Attorney General Mayes Pushes To Allow Blood Donations From Sexually Active Gay Men

Attorney General Mayes Pushes To Allow Blood Donations From Sexually Active Gay Men

By Corinne Murdock |

Attorney General Kris Mayes is pushing to soften policy on blood donations from sexually active, gay men. Mayes joined 22 other states, led by California Attorney General Rob Bonta, in supporting the policy change proposed by the Biden administration, which would reject potential donors who had sex with a new partner or more than one partner within the prior three months.

Current policy prohibits gay or bisexual men from donating blood if they’ve been sexually active within the prior three months. In a press release, Mayes called this protective measure “outdated.” 

“Discriminatory blood donation policies not only stigmatize the LGBTQ community, and gay and bisexual men in particular, but also endanger the lives of patients in need,” said Mayes. “It’s long past time to abandon outdated practices and embrace a risk-based approach that allows all eligible donors to contribute to the blood supply. If implemented, the new guidance proposed by the Biden administration will undoubtedly save lives.”

Initially, the proposed policy change concerned offsetting the donor blood shortage resulting from the COVID-19 pandemic. 

The FDA indefinitely rejected blood donations from sexually active gay or bisexual men beginning in the 1980s with the AIDS outbreak, prohibiting any man who’d engaged in sodomy even once. It wasn’t until 2015 that the FDA softened this policy to allow blood donations from sexually active gay or bisexual men, so long as that donor claimed to not have been sexually active within the prior 12 months. 

The FDA again revised its guidance to reduce the 12-month waiting period to three months.

In their letter to the Biden administration, Mayes and the 22 states argued that modern donor blood testing can find the presence of HIV within anywhere from 10 days to three months of transmission. They cited other countries with similar nondiscriminatory donation policies.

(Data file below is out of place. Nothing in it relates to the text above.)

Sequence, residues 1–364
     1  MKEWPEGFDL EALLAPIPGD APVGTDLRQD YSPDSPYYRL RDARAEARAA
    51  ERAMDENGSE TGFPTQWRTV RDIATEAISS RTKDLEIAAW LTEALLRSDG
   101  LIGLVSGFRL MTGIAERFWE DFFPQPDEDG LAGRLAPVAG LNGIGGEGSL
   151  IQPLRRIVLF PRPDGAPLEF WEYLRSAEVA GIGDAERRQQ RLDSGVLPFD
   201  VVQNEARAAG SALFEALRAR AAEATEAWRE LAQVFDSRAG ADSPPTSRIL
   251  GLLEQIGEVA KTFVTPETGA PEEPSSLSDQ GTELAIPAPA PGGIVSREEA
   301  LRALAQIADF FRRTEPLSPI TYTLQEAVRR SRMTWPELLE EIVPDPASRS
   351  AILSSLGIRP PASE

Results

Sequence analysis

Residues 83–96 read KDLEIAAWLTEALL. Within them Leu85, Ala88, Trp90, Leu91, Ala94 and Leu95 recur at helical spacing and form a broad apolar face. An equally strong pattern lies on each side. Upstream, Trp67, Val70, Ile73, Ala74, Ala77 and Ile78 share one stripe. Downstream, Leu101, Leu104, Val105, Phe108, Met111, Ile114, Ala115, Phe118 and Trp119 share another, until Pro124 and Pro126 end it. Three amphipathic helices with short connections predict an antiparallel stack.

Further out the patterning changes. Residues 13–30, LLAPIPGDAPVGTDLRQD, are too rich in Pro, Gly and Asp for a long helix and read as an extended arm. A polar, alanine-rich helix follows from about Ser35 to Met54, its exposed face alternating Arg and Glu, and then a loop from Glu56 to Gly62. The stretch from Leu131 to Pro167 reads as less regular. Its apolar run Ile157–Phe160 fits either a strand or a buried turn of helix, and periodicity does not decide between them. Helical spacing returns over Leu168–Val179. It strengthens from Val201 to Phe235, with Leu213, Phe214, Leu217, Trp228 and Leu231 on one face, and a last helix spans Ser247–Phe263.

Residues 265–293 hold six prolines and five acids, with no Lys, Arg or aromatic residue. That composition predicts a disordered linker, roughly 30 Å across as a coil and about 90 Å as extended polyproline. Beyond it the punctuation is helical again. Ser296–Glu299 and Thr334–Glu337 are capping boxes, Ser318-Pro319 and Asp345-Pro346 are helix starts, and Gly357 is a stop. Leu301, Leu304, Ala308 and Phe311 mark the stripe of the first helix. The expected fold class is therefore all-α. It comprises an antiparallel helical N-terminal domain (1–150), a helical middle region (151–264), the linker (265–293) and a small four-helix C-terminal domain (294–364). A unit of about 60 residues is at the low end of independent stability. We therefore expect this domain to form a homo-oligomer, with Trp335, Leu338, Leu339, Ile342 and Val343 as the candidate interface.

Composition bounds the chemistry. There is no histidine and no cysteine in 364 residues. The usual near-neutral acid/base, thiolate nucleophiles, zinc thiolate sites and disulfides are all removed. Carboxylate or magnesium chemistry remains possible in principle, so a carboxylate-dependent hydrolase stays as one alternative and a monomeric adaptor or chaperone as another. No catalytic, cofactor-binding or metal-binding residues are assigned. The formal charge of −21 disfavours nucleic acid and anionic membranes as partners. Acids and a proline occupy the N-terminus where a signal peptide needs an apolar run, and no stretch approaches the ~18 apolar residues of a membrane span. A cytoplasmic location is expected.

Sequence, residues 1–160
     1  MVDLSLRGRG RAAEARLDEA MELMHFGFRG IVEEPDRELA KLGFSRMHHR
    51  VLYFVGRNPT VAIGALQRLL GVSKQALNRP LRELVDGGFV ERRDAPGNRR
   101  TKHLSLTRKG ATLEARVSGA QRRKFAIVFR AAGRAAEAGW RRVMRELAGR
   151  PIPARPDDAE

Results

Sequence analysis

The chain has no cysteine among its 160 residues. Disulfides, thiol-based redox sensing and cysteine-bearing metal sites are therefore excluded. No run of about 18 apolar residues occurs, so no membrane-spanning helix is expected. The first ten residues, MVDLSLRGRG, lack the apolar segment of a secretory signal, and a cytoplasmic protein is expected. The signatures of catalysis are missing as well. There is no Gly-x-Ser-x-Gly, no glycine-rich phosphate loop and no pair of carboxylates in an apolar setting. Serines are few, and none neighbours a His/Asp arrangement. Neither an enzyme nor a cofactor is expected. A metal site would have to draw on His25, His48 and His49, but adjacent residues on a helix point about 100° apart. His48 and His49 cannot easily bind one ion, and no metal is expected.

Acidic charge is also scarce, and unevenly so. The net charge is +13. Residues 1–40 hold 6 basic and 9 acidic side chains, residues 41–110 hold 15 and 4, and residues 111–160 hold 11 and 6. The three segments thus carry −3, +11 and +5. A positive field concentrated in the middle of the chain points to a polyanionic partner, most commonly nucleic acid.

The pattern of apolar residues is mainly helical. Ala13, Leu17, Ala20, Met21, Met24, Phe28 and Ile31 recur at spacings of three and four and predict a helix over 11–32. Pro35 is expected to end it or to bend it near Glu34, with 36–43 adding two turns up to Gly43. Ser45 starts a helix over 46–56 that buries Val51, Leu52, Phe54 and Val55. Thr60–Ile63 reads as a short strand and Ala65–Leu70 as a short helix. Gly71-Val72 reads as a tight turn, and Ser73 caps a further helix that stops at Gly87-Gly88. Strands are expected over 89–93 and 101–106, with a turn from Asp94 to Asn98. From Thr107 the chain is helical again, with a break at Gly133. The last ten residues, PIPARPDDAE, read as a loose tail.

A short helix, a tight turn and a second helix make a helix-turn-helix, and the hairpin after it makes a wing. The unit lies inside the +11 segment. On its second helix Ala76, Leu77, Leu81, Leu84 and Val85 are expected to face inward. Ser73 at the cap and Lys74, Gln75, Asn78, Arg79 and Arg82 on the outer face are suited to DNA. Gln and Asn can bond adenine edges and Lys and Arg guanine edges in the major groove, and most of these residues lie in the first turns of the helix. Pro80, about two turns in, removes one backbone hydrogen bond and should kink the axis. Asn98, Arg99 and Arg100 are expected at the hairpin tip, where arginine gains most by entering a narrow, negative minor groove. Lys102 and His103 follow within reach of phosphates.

Several of the countries listed, including Italy and Mexico, have noted a higher-than-desirable prevalence of HIV-positive donors over the years, as well as concerns that screening policies don’t reach far enough. 

The attorneys general also noted that men who claim to be in a monogamous, homosexual relationship suffered the greatest burden under current policy. Based on current data, monogamy is less commonly practiced by gay or bisexual men. 

HIV and AIDS aren’t the only sexually-transmitted diseases (STDs) that primarily result from sodomy. Last year, a global monkeypox outbreak occurred after an infected British man engaged in sexual activity while attending two raves in Belgium and Spain. The man caught monkeypox in Africa, where the disease is mainly endemic in animals.

The other states joining Arizona in supporting the Biden administration’s proposed policy change include California, Connecticut, Delaware, the District of Columbia, Hawai’i, Illinois, Maine, Maryland, Massachusetts, Michigan, Minnesota, Nevada, New Mexico, New York, North Carolina, Oregon, Pennsylvania, Rhode Island, Vermont, Washington, and Wisconsin.

Corinne Murdock is a reporter for AZ Free News. Follow her latest on Twitter, or email tips to